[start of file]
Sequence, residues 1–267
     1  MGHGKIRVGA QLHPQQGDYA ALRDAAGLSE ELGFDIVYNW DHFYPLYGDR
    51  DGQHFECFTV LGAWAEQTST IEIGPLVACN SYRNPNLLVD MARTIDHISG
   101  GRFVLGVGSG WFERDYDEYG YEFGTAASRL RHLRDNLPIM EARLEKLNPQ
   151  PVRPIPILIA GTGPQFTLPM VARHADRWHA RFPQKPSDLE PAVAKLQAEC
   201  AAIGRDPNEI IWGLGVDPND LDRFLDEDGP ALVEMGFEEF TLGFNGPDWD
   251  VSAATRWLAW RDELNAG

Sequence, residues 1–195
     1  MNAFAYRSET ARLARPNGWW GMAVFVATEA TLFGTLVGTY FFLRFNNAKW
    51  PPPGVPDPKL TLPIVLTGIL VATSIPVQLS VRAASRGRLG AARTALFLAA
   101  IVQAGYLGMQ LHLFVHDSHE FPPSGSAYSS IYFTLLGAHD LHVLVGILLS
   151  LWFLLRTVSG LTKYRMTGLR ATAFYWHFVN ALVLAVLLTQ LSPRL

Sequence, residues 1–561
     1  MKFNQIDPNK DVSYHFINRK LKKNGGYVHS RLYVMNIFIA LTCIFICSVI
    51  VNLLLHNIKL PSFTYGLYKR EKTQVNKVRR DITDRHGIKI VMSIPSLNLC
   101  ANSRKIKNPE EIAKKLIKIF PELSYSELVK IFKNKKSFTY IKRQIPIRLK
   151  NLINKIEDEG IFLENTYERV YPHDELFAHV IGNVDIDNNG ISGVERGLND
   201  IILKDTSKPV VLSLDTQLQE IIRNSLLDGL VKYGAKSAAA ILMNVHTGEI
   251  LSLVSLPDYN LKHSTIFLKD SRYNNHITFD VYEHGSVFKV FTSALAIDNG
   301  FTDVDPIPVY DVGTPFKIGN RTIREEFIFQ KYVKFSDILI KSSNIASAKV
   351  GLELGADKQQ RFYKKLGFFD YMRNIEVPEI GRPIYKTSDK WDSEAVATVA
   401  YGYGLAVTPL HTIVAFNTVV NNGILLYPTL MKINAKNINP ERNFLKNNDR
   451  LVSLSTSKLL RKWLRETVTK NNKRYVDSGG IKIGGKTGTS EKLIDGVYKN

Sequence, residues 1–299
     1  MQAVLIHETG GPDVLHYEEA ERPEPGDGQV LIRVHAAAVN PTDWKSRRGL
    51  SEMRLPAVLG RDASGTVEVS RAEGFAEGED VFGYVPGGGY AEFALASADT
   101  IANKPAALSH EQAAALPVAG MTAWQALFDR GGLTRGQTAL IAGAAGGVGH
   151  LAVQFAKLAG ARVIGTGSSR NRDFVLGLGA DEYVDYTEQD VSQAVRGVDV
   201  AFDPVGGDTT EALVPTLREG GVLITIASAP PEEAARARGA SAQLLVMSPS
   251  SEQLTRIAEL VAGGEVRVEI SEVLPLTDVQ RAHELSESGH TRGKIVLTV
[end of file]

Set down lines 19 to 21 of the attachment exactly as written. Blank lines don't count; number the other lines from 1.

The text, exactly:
   251  LSLVSLPDYN LKHSTIFLKD SRYNNHITFD VYEHGSVFKV FTSALAIDNG
   301  FTDVDPIPVY DVGTPFKIGN RTIREEFIFQ KYVKFSDILI KSSNIASAKV
   351  GLELGADKQQ RFYKKLGFFD YMRNIEVPEI GRPIYKTSDK WDSEAVATVA